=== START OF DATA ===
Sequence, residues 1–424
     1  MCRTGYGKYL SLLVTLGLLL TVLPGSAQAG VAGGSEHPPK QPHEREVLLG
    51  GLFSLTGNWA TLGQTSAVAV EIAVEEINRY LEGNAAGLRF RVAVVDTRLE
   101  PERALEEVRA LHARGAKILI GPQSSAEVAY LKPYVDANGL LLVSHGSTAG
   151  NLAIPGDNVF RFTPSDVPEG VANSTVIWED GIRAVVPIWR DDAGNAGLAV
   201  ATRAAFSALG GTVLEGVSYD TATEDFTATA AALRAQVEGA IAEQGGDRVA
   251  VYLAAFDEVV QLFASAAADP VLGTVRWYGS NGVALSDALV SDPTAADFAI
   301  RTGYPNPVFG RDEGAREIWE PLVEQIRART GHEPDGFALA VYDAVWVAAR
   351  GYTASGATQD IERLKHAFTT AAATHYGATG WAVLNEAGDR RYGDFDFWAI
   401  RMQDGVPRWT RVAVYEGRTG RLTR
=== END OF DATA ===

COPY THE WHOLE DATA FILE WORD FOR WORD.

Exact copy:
Sequence, residues 1–424
     1  MCRTGYGKYL SLLVTLGLLL TVLPGSAQAG VAGGSEHPPK QPHEREVLLG
    51  GLFSLTGNWA TLGQTSAVAV EIAVEEINRY LEGNAAGLRF RVAVVDTRLE
   101  PERALEEVRA LHARGAKILI GPQSSAEVAY LKPYVDANGL LLVSHGSTAG
   151  NLAIPGDNVF RFTPSDVPEG VANSTVIWED GIRAVVPIWR DDAGNAGLAV
   201  ATRAAFSALG GTVLEGVSYD TATEDFTATA AALRAQVEGA IAEQGGDRVA
   251  VYLAAFDEVV QLFASAAADP VLGTVRWYGS NGVALSDALV SDPTAADFAI
   301  RTGYPNPVFG RDEGAREIWE PLVEQIRART GHEPDGFALA VYDAVWVAAR
   351  GYTASGATQD IERLKHAFTT AAATHYGATG WAVLNEAGDR RYGDFDFWAI
   401  RMQDGVPRWT RVAVYEGRTG RLTR